Culture

Nike Stole Panamanian Indigenous Artwork And Tried To Pass It Off As Puerto Rican Until Latinos Canceled The Whole Thing

Nike / @IsaacLarrier / Twitter

After Nike teased its imminent release of an Air Force 1 shoe design meant to celebrate Puerto Rico, it was immediately met with backlash. The design features a coquí, the frog that can be heard chirping all over the island, and Puerto Rico’s national animal. That’s cool.

What’s not cool is the colorful design bordering the coquí, which is a blatant copy of a traditional Panamanian mola design. The company has since postponed the release of the show. They even apologized for “the inaccurate representation of the design origin for the Nike Air Force 1 ‘Puerto Rico’ 2019 edition.”

The Puerto Rico Nike Air Force 1s were expected to be released on June 6 at $100 a pair.

@IsaacLarrier / Twitter

“@Nike, Guys, these are cool sneakers, and I get the reference to the Coquí frog, but this pattern and design are NOT from Puerto Rico,” @IsaacLarrier tweeted. “It’s a design called MOLA, made by the Guna people in Panama and parts of Colombia. It is a HUGE failure of your research department.”

The mola design belongs to the Guna indigenous peoples of Panama and Colombia and is very specific.

@IsaacLarrier / Twitter

Most of the Guna people live in Guna Yala, islands off the Caribbean coast of Panama. Belisario López, the leader of the Guna community told U.S. News and World Report that the design represents “Mother Earth because the design is based on everything that is nature.”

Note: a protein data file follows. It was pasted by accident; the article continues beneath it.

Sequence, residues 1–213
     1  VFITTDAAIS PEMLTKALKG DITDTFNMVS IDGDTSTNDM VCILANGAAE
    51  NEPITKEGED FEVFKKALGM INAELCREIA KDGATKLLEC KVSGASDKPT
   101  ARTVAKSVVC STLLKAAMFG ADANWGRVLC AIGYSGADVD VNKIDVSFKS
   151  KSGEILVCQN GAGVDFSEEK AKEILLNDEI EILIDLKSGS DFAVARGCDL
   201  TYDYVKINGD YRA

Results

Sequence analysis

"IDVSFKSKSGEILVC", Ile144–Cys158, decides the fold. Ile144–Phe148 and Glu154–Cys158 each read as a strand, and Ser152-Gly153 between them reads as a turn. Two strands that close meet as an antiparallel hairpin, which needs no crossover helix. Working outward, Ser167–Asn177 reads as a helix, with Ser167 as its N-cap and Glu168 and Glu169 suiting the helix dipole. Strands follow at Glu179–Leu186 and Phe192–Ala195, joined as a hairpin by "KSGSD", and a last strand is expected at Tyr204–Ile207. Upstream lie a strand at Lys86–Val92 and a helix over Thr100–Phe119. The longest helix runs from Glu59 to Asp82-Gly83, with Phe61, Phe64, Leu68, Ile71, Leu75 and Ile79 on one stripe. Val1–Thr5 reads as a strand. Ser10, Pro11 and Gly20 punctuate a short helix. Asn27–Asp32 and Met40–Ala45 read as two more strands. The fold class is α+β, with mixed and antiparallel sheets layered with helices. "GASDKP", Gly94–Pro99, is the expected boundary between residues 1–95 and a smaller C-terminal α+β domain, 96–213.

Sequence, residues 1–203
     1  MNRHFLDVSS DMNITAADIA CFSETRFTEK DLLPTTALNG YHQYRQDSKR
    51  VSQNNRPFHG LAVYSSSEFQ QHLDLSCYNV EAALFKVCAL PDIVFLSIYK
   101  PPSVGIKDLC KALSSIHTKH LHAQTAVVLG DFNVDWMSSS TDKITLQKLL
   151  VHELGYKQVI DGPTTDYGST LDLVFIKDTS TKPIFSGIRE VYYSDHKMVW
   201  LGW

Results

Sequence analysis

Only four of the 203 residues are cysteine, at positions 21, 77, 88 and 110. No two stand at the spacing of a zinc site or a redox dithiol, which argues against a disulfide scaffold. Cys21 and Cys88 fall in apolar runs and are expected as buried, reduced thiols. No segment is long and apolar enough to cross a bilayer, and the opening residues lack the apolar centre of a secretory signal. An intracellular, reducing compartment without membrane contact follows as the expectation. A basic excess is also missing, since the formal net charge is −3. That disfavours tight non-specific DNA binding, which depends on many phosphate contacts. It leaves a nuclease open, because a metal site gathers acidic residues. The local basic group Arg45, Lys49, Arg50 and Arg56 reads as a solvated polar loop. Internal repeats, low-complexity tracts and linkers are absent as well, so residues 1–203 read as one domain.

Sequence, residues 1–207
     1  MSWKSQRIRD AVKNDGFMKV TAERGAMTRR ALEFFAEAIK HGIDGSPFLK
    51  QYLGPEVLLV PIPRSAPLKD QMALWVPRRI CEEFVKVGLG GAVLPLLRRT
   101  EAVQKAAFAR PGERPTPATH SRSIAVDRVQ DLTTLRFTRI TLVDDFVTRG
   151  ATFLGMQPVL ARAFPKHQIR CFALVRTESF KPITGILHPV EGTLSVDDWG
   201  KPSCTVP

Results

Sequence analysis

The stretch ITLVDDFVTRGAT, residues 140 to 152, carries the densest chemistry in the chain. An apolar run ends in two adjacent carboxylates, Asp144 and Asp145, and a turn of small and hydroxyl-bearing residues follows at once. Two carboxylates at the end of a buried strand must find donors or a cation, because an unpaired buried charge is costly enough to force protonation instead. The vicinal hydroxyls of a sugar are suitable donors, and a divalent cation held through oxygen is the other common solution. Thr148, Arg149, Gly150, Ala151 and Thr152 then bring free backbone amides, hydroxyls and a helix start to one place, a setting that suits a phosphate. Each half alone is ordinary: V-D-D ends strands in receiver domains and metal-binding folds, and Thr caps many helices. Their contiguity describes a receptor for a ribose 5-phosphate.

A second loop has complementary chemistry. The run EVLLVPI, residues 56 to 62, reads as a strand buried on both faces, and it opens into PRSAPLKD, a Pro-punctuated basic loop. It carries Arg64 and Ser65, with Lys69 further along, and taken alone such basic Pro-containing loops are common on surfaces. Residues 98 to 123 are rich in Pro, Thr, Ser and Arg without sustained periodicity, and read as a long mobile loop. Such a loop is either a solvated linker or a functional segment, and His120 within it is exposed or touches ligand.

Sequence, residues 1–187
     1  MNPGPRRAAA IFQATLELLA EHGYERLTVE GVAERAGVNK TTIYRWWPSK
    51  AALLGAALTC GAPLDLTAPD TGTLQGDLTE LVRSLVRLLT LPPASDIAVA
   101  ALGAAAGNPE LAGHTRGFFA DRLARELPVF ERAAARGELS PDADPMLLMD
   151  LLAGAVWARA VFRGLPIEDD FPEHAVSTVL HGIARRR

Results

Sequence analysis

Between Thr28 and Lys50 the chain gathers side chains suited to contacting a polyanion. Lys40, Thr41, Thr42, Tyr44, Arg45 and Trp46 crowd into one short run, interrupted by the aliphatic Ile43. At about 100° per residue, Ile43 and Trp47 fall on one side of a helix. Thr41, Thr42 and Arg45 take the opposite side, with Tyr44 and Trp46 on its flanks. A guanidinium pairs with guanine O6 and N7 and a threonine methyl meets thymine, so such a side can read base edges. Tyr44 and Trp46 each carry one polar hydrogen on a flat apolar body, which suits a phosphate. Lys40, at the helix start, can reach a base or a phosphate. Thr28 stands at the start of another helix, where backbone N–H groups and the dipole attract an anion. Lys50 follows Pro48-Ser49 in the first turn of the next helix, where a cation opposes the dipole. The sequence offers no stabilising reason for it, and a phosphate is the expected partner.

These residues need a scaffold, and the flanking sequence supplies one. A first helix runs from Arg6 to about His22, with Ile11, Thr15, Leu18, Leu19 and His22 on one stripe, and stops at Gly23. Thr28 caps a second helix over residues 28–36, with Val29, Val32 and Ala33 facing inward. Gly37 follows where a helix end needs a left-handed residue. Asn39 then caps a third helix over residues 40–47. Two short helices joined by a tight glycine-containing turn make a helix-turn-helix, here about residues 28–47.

The Guna knew that their design was protected by intellectual property laws in Panama and fought back.

@luscifers_ / Twitter

Their lawyer, a Guna woman, released a statement that stated that Nike never asked for permission and that they “pirated” the design for company profit. Too often, companies steal from generations of indigenous art with no recourse. This time, the Guna people won.

The Guna Yala community isn’t opposed to commercializing the design.

@AFP / Twitter

“We are not against our ‘mola’ being commercialized,” Belisario López, Leader of the Guna Yala Community told US News and World Report. “What we oppose is it being done without consulting us first.”

Another major problem is that Nike tried to reappropriate Guna culture as Puerto Rican.

@friendlyskyz / Twitter

That a U.S. company would internationally distribute Panamanian artwork as representative of Puerto Rico left many Panamanians pretty angry. Rightly so.

The fact is that the mola is more than a design. It’s identity.

@amoreroxie / Twitter

Monica Martinez, a professor of social anthropology at Barcelona University who has been studying the Guna for twenty years, said, “The mola is like a flag for the Guna. There is really a cultural identity that is articulated around the mola. It is a very strong element of identity.”

Some Panamanians are pointing out that Panama has frogs, too.

@bluishyoongs / Twitter

As well known as the coquí is to Puerto Rico, the Golden Frog is also widely known as endemic to Panama. It’s Panama’s national animal.

Some Latinos are angry that Nike didn’t look closer into Puerto Rico’s own rich history of art.

@yayalove86 / Twitter

You don’t have to look too far to find an established Puerto Rican graphic designer or artist to consult with. Where are the art historians on the Nike team?

The creator of La Borinqueña already tweeted a mockup to Nike.

@MrEdgardoNYC / Twitter

“.@Nike, when you make a tribute sneaker for Puerto Rico, note that ‘mola’ art is from the Indigenous people of Gunayala in Panama,” @MrEdgardoNYC tweeted. “So, here’s my quick #LaBorinqueña mockup and we can donate proceeds to our grants program in PR and the Mola shoe can benefit Panama! Hit me up!”

The tribe is now seeking damages for profiting off “part of the spirituality of the Guna people.”

@tongai / Twitter